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Use of Proxmox as part of building PMS is entirely optional.


What is Proxmox?

Proxmox Virtual Environment is an open-source server virtualization management platform. It is a Debian-based Linux distribution with a modified Ubuntu LTS kernel and allows deployment and management of virtual machines and containers.

It is provided as both a standalone distribution and as a package to be installed on top of an existing Debian installation. We write more about Proxmox under Advanced Concepts -> Hypervisors.


Why use Proxmox?

Proxmox is open-source. It provides almost all of the same features as the other options in the space and runs using KVM built right into the Linux kernel.

For the longest time I avoided Proxmox because of a nag screen that is displayed on new installations asking for subscriptions. I assumed, incorrectly, that Proxmox was demoware. That is not the case and I maintain an Ansible role to remove the nag screen completely here.

Proxmox also natively supports running LXC (LinuX Containers) containers from the UI. These are similar to docker containers but behave more like a traditional VM would with a real init system, often systemd. I've been running AdGuard Home out of one for a while and it just works - makes me think I should do more this way but I'm quite attached to my docker-compose workflow for media apps.

Do I need Proxmox?

It really depends on how you want to use this system. If you're just looking to store some files and run a few containers then a hypervisor might be a layer of added complexity that you just don't need.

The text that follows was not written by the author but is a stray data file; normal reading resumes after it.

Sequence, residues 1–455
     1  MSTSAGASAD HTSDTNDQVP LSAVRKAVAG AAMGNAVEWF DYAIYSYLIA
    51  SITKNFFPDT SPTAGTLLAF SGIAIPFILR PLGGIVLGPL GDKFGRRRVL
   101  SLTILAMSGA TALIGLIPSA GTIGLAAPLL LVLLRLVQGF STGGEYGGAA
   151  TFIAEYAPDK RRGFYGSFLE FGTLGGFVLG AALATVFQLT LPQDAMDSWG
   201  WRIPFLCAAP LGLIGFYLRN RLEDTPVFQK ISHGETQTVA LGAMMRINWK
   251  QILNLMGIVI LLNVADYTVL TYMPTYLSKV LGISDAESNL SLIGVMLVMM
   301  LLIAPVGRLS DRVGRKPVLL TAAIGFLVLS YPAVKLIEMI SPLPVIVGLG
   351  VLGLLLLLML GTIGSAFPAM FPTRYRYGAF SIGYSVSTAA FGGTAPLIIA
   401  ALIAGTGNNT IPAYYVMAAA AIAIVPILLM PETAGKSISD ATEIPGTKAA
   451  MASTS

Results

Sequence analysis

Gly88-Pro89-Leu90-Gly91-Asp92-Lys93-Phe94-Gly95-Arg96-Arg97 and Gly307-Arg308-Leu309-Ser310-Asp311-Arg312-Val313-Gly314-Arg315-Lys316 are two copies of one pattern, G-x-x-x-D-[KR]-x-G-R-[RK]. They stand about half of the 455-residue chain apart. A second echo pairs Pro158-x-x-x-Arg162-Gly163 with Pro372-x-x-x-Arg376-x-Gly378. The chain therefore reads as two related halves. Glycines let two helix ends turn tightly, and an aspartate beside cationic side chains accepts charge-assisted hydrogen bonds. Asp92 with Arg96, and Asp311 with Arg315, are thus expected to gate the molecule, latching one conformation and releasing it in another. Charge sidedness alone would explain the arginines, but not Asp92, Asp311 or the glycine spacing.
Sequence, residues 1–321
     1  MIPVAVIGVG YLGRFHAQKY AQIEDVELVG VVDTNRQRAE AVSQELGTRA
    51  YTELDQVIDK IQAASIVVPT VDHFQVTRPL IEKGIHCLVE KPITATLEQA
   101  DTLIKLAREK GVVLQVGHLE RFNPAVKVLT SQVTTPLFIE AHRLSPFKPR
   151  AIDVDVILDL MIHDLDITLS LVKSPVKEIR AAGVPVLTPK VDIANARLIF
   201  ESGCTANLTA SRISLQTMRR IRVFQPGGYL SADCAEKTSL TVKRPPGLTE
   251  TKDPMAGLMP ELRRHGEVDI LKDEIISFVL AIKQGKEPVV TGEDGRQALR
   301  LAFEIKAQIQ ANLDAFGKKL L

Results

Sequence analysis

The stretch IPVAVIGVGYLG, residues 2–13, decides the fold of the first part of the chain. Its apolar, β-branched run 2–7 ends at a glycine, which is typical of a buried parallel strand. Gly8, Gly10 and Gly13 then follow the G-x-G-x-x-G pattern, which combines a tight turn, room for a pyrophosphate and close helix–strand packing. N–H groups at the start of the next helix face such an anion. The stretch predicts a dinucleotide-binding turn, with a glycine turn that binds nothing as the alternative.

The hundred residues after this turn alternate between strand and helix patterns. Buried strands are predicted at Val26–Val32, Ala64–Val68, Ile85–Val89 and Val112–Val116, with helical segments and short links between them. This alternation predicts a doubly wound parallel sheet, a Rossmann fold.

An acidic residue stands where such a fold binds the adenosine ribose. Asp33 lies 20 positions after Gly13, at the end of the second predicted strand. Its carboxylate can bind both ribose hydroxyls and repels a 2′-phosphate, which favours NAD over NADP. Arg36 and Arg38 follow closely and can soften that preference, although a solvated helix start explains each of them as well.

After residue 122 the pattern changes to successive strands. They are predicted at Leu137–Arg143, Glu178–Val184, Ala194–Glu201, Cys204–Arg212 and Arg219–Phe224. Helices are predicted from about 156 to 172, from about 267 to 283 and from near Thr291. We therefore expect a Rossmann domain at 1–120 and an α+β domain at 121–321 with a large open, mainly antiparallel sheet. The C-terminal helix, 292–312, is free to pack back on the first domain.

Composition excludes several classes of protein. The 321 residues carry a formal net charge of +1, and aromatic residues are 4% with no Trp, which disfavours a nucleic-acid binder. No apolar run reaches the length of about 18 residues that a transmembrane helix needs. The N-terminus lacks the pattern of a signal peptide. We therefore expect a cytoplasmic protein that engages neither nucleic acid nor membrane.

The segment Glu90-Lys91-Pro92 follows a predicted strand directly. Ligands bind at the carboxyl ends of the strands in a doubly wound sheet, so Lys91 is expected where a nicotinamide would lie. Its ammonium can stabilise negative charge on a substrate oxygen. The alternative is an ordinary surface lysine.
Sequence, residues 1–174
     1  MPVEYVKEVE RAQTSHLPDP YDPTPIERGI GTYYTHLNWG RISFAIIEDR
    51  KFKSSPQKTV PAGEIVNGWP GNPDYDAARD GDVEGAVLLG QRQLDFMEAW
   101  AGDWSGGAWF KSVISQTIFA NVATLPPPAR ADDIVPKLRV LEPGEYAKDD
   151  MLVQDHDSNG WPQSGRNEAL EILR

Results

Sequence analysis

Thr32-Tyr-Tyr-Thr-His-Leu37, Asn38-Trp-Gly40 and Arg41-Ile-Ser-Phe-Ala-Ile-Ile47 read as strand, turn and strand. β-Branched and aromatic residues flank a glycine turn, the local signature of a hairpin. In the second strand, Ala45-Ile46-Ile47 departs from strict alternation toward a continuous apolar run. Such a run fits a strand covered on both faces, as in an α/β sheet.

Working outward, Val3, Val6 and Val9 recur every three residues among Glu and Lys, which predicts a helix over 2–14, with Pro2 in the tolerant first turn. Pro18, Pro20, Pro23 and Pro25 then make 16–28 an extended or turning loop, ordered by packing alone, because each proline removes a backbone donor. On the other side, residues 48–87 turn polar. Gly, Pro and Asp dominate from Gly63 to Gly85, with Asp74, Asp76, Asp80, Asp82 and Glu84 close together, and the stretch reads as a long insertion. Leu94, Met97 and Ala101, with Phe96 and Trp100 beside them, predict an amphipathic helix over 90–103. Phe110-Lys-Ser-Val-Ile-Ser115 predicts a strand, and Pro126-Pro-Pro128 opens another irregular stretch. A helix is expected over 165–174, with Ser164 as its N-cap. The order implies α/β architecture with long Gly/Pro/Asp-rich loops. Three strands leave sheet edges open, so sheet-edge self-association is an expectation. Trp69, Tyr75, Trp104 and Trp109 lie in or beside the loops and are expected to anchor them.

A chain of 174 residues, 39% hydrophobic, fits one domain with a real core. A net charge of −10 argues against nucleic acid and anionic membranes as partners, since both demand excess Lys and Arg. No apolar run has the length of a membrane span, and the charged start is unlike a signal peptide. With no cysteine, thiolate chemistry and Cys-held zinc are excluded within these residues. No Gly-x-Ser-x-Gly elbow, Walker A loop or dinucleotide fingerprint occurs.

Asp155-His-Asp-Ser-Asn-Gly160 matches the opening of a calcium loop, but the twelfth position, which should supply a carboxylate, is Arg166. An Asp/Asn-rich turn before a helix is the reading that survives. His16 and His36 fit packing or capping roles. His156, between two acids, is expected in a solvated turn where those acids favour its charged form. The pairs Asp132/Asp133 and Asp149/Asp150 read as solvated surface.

For most people, Proxmox is probably unnecessary.

I have found a lot value from virtualising my media server though. Snapshots, portability and separation being the key reasons. Virtualising the system that contains all my "stuff" allows the hypervisor to remain clean and operate reliably.

You might be the right fit for virtualising via Proxmox if you want to run more than one major service on the same hardware. AdGuard Home, Home Assistant, Blue Iris and PMS for example will all comfortably fit onto a single system with 64GB RAM.


I know this because since discovering just how powerful Intel's Quick Sync was, I rebuilt my PMS around this technology and wrote about it on and under Advanced Configuration -> Quick Sync and Proxmox passthrough using Intel's GVT-g virtual GPU technology to pass more than a integrated graphics unit to more than one VM.

What about ESXI?

ESXI by VMware is a juggernaut in the enterprise space but it comes with a steep cost. VMware make licenses available for home users that cost $200 per year via the VMUG program if you want to get fancy and start using Terraform to automate against vSphere 1.

However, ESXI is not open source. And for that simple fact, Proxmox is my goto recommendation for home users looking to virtualise all the things.

Last update: 2021-01-16